Hs-129 Panzerknacker

Discussion in 'Aviation' started by davebender, Feb 28, 2011.

  1. davebender

    davebender Well-Known Member

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    I cannot find a production cost for this aircraft but supposedly it was inexpensive. Perhaps even less expensive then a Fw-189. There are plenty of sources which claim the Hs-129 was highly effective. So why did Germany produce so few and end production during September 1944? It seems like exactly what Germany needed to defeat the hordes of Allied armored vehicles.

    Hs-129 Production.
    German aircraft production during World War II - Wikipedia, the free encyclopedia
    221. 1942
    411. 1943
    302. 1944
     
  2. Shortround6

    Shortround6 Well-Known Member

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    It was another airplane that could only perform with air superiority. It's ability to defend itself was minimal. Couple that with the French built engines, slow delivery? and non-existent delivery after August of 1944 and I think we can figure out why production stopped. The Gnome-Rhone factories were in a suburb of Paris and in Limoges, about half way between Bordeaux and Orleans.

    From Wikipedia, take for what you think it is worth.

    "With the fall of France in 1940, Gnome et Rhône was ordered to produce the BMW 801 under license, while the 14M saw limited use on some German designs. The company became infamous for slow production, building only 8,500 engines by May 1944, when the Germans had been estimating 25,000. An air raid by Lancasters of 44 Squadron RAF completely destroyed the original Gennevilliers factories on 9/10 May. Another air raid by Lancasters of 617 Squadron led by Wing Commander Leonard Cheshire had also severely damaged the Limoges factory on 8/9 February 1944."

    The Germans had no other engine that would work on the airframe. The G-R 14M being a particularly small engine just a bit over 3 feet in diameter. Trying to substitute a 9 cylinder engine of 4 1/2 feet or so would would mean some rather restricted side vision, in addition to several months (at best) of re-engineering and testing.
     
  3. davebender

    davebender Well-Known Member

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    That doesn't prevent a modern day A-10 from performing CAS. Why should the WWII era Hs-129 be any different?

    As for engines....
    The historical Hs-129 program got crumbs for resources. Hence the use of French manufactured engines. If the Hs-129 had a higher priority it could have been designed for a pair of 950hp BMW132 radial engines. The BMW132 was inexpensive to produce, reliable and in mass production by the mid 1930s. These more powerful engines would also give the aircraft better aerial performance.
     
  4. tomo pauk

    tomo pauk Creator of Interesting Threads

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    A-10 has enjoyed air superiority. Not the case for Hs-129.
     
  5. tyrodtom

    tyrodtom Well-Known Member

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    When has a A-10 ever performed without air superiority ?
     
  6. davebender

    davebender Well-Known Member

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    WWII era German CAS aircraft such as Ju-87s and Hs-129s should have Me-109s for escort. The escorts provide temporary air superiority over the area where CAS aircraft are operating. Similiar to having P-51s escort B-17s over Germany except CAS missions are of much shorter duration.
     
  7. Shortround6

    Shortround6 Well-Known Member

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    By 1944 the Luftwaffe was no longer capable of guaranteeing the needed air superiority for the strike aircraft. Imagine a couple of squadrons of Hs 129s on the Western front in the summer/fall of 1944. Even with Two squadrons of 109s/190s for every squadron of Hs 129s for escort the Allied fighters, available in much greater numbers, would have made the record of the Hs 129 resemble that of the fairly battle in 1940.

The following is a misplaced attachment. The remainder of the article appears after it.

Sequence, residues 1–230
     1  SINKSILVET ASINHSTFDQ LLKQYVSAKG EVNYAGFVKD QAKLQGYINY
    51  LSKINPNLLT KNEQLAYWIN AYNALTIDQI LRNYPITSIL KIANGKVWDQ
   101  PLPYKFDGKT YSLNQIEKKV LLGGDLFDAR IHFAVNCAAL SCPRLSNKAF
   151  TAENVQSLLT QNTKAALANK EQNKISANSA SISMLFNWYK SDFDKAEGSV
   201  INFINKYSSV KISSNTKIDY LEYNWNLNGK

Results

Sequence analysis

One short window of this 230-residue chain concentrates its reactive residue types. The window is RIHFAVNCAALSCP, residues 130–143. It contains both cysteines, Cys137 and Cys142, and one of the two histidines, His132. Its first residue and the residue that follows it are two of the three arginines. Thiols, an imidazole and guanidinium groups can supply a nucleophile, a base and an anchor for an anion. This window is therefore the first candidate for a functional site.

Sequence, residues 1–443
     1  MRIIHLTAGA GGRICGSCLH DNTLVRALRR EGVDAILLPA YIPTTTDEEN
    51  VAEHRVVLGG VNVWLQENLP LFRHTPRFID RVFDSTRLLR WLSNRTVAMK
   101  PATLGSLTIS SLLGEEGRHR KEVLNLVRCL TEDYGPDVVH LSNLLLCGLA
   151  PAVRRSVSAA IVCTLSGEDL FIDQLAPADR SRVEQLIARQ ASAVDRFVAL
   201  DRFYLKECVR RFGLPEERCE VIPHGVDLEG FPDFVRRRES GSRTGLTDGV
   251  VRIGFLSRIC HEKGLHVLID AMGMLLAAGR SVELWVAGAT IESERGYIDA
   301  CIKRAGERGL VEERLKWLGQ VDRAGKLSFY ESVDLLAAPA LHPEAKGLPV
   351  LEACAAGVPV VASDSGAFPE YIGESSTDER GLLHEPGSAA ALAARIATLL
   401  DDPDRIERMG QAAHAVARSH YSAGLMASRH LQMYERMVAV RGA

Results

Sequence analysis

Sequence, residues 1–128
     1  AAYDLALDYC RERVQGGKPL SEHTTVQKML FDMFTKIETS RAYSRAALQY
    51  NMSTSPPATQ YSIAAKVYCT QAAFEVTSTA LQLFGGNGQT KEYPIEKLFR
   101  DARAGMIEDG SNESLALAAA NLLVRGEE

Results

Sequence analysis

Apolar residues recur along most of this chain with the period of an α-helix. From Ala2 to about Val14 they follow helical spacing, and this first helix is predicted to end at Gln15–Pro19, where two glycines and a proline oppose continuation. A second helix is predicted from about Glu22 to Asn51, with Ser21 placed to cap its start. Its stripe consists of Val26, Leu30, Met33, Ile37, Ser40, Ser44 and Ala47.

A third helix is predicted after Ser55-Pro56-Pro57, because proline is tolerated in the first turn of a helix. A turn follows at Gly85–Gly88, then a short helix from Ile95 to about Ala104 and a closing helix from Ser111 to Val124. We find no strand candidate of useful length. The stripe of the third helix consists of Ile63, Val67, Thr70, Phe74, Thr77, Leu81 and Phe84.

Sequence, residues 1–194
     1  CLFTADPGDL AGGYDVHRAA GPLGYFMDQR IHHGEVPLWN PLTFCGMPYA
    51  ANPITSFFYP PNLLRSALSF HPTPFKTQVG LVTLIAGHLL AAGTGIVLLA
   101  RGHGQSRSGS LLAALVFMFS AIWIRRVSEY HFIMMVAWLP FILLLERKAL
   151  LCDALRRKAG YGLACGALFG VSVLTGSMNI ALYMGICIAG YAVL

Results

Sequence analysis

The HS 129 was designed for Argus As 410 engines, Inverted aircooled V-12s of 12 liters displacement, about 450-465 hp for take-off weighing just under 700lbs dry and having a frontal area of 3.9 sq/ft. The engines didn't deliver the promised power and the air frame came out over weight. The French Gnome-Rhone's were 14 cylinder radials of 19 liters displacement offering 700hp for take off (and 660hp at 4000meters?) while weighing about 925lbs and having a frontal area of 7.6 sq/ft.

    BMW 132s were developed versions of the P&W Hornet engine. Mass production in WW II terms is a far cry from mass production in mid 1930s terms. As an example Wright had made about 8,000 Cyclone engines (a 9 cylinder radial very close to the Hornet) from the mid/late 1920s until 1938. In 1942 alone Wright delivered over 9000 Cyclones with Studebaker supplying over 6000 more due to massive plant expansions. Many of the 21,000 or so BMW 132s built were earlier carburetor models used in the JU 52s. BMW may have had their hands full trying to produce enough BMW 801s judging by the number of French sub contractors brought into the 801 program.

    In any case the BMW 132 was a 9 cylinder engine of 27.7 liters displacement offering anywhere from 880 to 1200hp for take off depending on model and water injection fitting while weighing about 1160lbs and having a frontal area of 16 sq/ft. This was a large engine, bigger and heavier than the Bristol Mercury used in the Bristol Blenheim. The weights given are dry weights and do not include propellers, cowlings, exhaust system and some engine accessories like starters or generators. It is also going to suck up more fuel than the Gnome-Rhone if the extra power is used requiring larger fuel tanks (protected?) It might be able to be mounted on a HS 129 but it is not going to be simple. Performance will be increased but the higher empty weight and gross weight and the additional drag of these large engines are not going to provide quite the increase in performance that a simple horsepower comparison would suggest. An easy estimate would be that the complete power plant installation would be 400-500lbs heavier per engine than the Gnome-Rhones. With the extra power the Gross weight of the plane could certainly go up if the structure can handle it or with your increase priority, parts of the plane re-stressed, redesigned and modified to handle the extra weight. Parts like landing gear and or tires might have to be changed. All of these changes increasing weight.